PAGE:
• · Issues license to engage in overseas recruitment and manning to private recruitment agencies and ship manning companies
  • · Hears and arbitrates complaints and cases filed against recruitment and manning agencies, foreign principals and employers, and overseas workers for reported violation of POEA rules and regulations, except for money claims
  • · Implements a system of incentives and penalty for private sector participants
  • · Sets minimum labor standards
  • · Monitors overseas job advertisements on print, broadcast and television
  • · Supervises the government’s program on anti-illegal recruitment
  • · Imposes disciplinary actions on erring employers and workers and seafarers

Employment Facilitation

  • · Accredits/ registers foreign principals and employers hiring Filipino workers
  • · Approves manpower requests of foreign principals and employers
  • · Evaluates and processes employment contracts
  • · Assists departing workers at the ports of exit
  • · Develops and monitors markets and conducts market research
  • · Conducts marketing missions
  • · Enters into memorandum of understanding on the hiring of Filipino workers with labor–receiving countries
  • · Facilitates the deployment of workers hired through government-to-government arrangement
  • · Provides a system of worker’s registry

Worker’s Protection

  • · Intensifies public education and information campaign
  • · Conducts pre-employment orientation and anti-illegal recruitment seminars nationwide
  • · Conducts Pre-Deployment Orientation Seminars (PDOS) to workers hired through the government-to-government arrangement and name hires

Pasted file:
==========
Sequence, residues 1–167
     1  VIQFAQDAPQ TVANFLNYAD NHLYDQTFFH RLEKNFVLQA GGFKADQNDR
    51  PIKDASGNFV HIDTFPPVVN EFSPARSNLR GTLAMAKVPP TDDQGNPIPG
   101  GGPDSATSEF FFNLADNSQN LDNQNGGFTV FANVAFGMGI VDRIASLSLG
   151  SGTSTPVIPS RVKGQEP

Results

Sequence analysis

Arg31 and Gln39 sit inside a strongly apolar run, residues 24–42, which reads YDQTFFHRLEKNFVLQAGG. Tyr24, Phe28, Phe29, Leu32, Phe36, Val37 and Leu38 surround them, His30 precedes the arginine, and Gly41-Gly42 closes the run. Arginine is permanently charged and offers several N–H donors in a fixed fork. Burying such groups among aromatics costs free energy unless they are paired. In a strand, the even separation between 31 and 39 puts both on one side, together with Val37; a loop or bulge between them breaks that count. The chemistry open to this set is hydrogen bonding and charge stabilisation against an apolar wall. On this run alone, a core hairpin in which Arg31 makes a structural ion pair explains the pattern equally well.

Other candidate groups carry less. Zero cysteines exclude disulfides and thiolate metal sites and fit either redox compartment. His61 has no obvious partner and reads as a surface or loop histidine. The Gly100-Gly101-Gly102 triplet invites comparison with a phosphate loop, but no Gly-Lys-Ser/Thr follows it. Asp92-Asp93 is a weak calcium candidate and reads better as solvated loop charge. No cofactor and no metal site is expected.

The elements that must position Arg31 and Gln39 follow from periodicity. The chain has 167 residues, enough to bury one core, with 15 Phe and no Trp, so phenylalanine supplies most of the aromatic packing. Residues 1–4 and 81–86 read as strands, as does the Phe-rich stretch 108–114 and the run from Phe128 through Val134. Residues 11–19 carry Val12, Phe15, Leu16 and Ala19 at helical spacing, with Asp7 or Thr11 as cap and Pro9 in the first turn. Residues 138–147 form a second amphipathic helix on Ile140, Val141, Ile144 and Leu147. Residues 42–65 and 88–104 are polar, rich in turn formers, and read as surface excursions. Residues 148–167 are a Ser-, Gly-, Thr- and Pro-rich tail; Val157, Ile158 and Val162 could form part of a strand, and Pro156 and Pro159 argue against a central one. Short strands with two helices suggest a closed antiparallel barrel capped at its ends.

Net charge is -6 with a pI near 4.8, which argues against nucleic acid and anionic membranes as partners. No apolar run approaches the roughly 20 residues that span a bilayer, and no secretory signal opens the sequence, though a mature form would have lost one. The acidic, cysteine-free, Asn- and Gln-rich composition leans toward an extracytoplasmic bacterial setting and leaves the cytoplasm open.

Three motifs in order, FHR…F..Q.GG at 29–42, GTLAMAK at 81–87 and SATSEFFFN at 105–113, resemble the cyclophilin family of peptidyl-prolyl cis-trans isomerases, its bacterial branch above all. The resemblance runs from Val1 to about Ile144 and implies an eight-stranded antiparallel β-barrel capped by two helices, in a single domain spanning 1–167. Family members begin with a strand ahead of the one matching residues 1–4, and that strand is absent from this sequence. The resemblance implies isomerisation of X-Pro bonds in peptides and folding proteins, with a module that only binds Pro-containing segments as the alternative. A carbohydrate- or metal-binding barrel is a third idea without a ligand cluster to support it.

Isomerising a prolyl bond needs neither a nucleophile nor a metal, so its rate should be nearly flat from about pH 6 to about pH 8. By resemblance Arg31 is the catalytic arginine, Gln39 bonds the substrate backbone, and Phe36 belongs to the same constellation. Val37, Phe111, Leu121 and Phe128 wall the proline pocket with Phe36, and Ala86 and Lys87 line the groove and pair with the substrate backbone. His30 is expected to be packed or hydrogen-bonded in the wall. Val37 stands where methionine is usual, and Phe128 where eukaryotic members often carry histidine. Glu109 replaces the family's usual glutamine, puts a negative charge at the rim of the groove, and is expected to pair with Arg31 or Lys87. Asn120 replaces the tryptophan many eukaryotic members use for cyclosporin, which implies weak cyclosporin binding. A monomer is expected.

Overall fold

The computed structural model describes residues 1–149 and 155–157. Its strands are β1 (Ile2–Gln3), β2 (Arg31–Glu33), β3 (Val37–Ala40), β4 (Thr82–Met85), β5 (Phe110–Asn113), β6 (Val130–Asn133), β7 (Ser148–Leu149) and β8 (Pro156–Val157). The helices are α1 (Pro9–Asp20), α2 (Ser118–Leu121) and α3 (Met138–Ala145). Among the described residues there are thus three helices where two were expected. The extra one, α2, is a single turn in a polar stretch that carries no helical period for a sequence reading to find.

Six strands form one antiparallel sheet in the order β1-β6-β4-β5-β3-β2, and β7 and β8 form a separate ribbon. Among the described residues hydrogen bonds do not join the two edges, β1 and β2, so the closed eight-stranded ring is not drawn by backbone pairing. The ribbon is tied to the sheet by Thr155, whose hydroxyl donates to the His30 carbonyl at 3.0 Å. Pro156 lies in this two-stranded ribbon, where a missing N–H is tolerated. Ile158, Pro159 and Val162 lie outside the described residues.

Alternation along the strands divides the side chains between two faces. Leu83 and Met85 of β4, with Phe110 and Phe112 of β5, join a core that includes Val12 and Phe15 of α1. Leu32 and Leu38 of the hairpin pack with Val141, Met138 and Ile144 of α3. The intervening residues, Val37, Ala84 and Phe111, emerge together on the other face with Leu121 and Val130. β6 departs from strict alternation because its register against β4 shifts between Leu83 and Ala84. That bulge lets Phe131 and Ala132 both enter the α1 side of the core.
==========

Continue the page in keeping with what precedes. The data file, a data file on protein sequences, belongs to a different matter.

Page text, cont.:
• · Provides technical assistance in the drafting of bilateral and multilateral agreements
  • · Provides legal assistance to victims of illegal recruitment
  • · Prepares OFW global mapping and profiling
  • · Implements gender-sensitive programs
  • · Networks with non-government organizations, workers’ organizations, etc.
  • · Provides repatriation assistance

General Administration and Support Services

  • · Human Resources Development
  • · Property and Supplies Management
  • · Financial Management
  • · Information and Communication Technology
  • · Plans and Policy Development
  • · Quality Management System

Program Thrusts

INDUSTRY REGULATION

  • Continuing Agency Education and Agency Performance Evaluation/Ranking and Classification System

– Pre-application orientation seminar
– Labor market fora
– Seminar on best recruitment practices

  • Implementation of comprehensive case management program

– Conciliation

– Adjudication

– Monitoring of appeals

– Enforcement of decisions

EMPLOYMENT FACILITATION

Facilitation of 1 million OFW deployment

– Dispatch of technical marketing missions

– Intensify marketing intelligence work

– Pursue bilateral/multi-lateral agreements

– Encourage visit of foreign gov’ts and employers

– Strengthen linkages with education and training sector

– Enhance coordination with host governments

– Enforce policy on skills competencies

WORKERS PROTECTION

Global OFW mapping and profiling

– Fast track information on OFWs worldwide, their work sites, skills, and gender. The target countries for 2008 are: KSA, JAPAN, TAIWAN, UAE, KUWAIT, QATAR, HONG KONG, LEBANON, SOUTH KOREA, BAHRAIN, SINGAPORE, JORDAN, ISRAEL, OMAN, UK, USA, MALAYSIA, BRUNEI, CYPRUS, CANADA, AUSTRALIA, RUSSIA, AFGHANISTAN, ALGERIA, ANGOLA, IRAN, IRAQ, NIGERIA, YEMEN

Intensification of AIR campaign